Comment 29144

By Mike B. (anonymous) | Posted February 26, 2009 at 13:22:23

Adrian wrote:

Energy audits are great big bargaining chips for anyone looking to buy a house. An energy audit on my house is going to turn up problems. When that happens, it's going to cost me a lot more than $300. It will probably cost me thousands of dollars: for a problem that if I could fix, I absolutely would.

Absolutely; but you're only dealing with this from your narrow perspective as a current homeowner with an inefficient house. Having just spent 20% of the cost of my Beasley-neighborhood rowhouse on efficiency upgrades, my partner and I know it's damn expensive to make the necessary changes in a 100yr old house, and yeah, you likely won't get it all back (depending on how quickly you are envisioning selling it), but I would certainly have liked having the results of an energy audit on our home before we purchased it. Not because it would have changed our minds, but because it's an extra piece of information that can be used in determining which home best fit our lifestyle, budget, personal convictions, etc.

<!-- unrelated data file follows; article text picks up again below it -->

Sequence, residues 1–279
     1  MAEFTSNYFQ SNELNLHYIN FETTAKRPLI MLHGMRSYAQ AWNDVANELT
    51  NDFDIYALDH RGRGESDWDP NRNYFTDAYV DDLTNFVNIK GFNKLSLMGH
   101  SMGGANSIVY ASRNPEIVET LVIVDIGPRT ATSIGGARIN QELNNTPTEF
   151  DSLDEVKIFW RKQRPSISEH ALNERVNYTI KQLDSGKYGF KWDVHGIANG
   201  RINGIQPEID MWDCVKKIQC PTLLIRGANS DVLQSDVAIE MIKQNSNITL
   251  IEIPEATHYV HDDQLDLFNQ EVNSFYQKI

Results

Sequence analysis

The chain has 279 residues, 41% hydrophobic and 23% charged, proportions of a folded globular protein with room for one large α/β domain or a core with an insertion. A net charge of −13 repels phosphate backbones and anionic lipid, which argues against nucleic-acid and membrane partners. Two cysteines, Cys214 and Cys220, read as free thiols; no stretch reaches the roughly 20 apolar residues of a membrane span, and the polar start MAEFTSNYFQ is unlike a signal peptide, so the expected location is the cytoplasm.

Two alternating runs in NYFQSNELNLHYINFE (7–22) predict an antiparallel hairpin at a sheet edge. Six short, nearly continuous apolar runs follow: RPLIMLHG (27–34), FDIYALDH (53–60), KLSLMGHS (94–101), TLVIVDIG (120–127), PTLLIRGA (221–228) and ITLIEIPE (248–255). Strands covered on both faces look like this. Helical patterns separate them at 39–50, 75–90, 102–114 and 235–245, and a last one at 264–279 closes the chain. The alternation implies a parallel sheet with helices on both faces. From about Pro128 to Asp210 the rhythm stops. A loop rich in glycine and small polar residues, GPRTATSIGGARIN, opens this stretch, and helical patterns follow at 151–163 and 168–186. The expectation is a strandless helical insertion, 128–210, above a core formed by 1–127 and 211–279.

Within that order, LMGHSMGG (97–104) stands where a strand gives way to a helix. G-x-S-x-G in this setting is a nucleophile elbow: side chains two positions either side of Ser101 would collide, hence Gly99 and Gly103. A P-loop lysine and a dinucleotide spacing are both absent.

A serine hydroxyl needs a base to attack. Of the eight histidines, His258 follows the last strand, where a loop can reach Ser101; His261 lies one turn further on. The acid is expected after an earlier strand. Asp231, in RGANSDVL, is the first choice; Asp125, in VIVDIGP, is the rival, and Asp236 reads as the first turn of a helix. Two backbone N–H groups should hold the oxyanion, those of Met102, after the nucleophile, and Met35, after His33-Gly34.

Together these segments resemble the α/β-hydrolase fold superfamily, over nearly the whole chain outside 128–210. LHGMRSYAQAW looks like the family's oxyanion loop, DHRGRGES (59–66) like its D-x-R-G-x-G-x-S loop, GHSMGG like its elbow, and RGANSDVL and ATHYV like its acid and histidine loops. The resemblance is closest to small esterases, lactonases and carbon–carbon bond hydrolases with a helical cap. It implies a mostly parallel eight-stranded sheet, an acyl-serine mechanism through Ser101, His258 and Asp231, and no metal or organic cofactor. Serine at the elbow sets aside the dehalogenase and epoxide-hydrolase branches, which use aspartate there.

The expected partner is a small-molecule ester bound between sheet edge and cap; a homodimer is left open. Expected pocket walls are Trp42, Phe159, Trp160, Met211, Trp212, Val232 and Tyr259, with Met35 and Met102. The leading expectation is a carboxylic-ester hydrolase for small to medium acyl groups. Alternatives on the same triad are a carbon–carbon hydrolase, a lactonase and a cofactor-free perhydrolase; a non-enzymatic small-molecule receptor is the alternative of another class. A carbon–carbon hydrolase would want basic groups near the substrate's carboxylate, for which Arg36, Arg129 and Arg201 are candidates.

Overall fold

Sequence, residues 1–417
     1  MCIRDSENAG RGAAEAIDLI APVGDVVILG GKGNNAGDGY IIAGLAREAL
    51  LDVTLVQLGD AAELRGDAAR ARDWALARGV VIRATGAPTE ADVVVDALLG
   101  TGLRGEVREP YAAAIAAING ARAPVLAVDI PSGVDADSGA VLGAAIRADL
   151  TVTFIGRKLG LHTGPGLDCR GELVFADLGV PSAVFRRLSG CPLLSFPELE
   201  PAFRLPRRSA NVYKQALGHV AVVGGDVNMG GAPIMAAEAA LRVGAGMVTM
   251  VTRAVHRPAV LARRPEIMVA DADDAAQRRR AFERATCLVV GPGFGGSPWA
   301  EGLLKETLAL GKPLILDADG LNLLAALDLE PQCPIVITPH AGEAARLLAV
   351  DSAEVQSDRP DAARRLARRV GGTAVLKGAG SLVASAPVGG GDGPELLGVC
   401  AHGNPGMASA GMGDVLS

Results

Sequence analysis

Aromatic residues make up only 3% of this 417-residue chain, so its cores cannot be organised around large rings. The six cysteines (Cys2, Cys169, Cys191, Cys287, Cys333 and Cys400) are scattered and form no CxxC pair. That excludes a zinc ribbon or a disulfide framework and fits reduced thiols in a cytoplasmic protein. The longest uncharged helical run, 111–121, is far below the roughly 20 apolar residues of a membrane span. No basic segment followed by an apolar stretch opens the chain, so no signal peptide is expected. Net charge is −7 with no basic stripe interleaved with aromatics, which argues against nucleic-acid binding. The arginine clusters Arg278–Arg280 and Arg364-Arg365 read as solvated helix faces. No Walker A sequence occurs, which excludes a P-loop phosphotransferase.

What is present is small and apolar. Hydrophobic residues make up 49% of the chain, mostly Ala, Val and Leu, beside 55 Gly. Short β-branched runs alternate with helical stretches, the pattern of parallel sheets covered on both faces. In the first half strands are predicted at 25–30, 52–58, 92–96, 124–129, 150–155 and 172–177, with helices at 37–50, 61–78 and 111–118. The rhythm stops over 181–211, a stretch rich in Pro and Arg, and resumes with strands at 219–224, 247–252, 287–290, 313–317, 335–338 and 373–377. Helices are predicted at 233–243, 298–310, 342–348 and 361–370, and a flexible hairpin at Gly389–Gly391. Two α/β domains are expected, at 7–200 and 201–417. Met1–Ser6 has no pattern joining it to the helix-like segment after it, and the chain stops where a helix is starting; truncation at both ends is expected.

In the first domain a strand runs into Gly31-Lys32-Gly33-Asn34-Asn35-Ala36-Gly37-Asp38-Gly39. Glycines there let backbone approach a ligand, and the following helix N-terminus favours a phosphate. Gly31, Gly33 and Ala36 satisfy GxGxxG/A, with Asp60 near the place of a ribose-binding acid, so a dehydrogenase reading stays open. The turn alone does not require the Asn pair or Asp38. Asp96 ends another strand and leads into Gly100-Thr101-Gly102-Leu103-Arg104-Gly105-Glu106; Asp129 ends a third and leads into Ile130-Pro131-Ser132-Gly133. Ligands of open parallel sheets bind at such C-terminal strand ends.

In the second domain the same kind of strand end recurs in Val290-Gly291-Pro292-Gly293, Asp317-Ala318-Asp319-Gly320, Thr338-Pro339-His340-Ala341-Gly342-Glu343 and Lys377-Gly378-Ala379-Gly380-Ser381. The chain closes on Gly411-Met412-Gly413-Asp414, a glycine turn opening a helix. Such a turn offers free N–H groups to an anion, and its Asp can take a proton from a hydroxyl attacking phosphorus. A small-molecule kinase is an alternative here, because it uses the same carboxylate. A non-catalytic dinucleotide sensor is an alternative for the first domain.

Let's put it this way, if your home is energy inefficient, it's not the audit's fault, and just because you have a low rating doesn't mean you need to do any upgrades; but potential buyers who are concious about energy use (and I believe people are becoming more concious about the advantages of energy efficiency) should be entitled to know how your home stacks up to other homes that may have been upgraded. In time, I believe that people will pay a premium for these homes, so I'm uncertain as to why you believe that efficient and inefficient resale homes should be marketed on the same playing field as one another.

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